Vicar’s Blog

Wholeness and Peace

St Michael’s Vicarage

Dear People of Alnwick,

Throughout my ministry one of my great interests has been the Church’s ministry of Wholeness and Healing. It is an area which, by prayer and sacrament, the Church has much to offer (not least given all the strains and stresses of modern life) but it is also an area of ministry where I suspect there is still some misunderstanding. Services of Wholeness and Healing are not only for those who are sick but for all who wish to pray for and seek wholeness in their own lives or on behalf of another.

If we are really honest with ourselves we all have need of God’s healing touch in our lives, for none of us is free from brokenness of one kind or another – however much we may like to make those around us believe otherwise.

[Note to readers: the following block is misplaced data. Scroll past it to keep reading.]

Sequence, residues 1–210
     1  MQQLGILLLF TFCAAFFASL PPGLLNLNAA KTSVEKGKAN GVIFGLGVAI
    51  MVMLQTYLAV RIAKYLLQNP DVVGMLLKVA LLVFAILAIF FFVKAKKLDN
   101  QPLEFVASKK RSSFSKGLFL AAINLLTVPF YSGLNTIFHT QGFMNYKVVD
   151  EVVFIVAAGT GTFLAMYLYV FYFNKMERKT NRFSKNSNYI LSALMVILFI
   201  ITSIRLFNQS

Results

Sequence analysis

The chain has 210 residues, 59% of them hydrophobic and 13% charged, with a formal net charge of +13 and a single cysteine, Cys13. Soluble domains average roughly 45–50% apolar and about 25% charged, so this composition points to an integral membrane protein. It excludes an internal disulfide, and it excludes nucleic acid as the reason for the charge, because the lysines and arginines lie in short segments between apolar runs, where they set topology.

We may be physically fit but nursing some hurt in our lives; we may be leading so-called full and active lives but, in doing so, we may be placing ourselves under undue pressure and strain. In addition, obeying God’s law of love will almost certainly bring sorrow and upset into our lives at some time or another since pain is the price we pay for love. Whatever our situation, there can be a tendency to shut God out of the picture – but without a clear recognition of his caring presence the darkness will only become darker.

It was, for me, a ‘defining moment’ in my life when I came to realise fully that the Almighty, All-knowing, All-seeing God is also the God who comes alongside us, heals our wounds and binds up the broken-hearted.

And not only that: this self-same God does more than sympathise with us – he is actually right there in the suffering with us. Timothy Rees, in his beautiful hymn “God is Love: let heav’n adore him” puts it like this: